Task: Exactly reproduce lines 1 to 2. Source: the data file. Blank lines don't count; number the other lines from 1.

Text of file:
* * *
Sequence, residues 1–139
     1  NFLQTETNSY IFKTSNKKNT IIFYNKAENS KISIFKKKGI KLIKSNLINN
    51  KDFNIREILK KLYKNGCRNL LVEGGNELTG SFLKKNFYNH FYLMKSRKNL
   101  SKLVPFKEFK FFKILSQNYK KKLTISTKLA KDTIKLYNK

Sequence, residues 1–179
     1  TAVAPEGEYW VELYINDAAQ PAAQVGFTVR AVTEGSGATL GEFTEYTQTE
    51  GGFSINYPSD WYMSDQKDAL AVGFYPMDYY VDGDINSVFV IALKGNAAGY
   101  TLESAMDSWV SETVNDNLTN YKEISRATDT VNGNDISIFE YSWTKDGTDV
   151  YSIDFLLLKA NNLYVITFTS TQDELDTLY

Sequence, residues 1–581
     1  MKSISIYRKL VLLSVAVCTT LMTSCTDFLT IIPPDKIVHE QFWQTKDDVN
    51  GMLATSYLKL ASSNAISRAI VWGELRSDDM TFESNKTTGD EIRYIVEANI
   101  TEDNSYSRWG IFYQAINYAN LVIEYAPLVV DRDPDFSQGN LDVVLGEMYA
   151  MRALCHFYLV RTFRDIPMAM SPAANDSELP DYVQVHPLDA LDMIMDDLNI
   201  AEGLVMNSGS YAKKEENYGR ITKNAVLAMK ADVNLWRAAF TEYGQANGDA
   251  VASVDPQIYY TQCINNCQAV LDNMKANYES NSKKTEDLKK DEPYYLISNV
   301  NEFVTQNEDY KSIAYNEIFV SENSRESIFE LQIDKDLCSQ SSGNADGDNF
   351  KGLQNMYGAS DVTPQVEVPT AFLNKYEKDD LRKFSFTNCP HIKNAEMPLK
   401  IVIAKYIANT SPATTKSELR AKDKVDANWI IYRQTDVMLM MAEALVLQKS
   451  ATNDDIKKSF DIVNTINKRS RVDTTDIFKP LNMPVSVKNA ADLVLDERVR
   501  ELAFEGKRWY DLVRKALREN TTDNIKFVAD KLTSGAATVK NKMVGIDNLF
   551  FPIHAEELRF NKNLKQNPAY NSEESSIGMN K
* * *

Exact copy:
Sequence, residues 1–139
     1  NFLQTETNSY IFKTSNKKNT IIFYNKAENS KISIFKKKGI KLIKSNLINN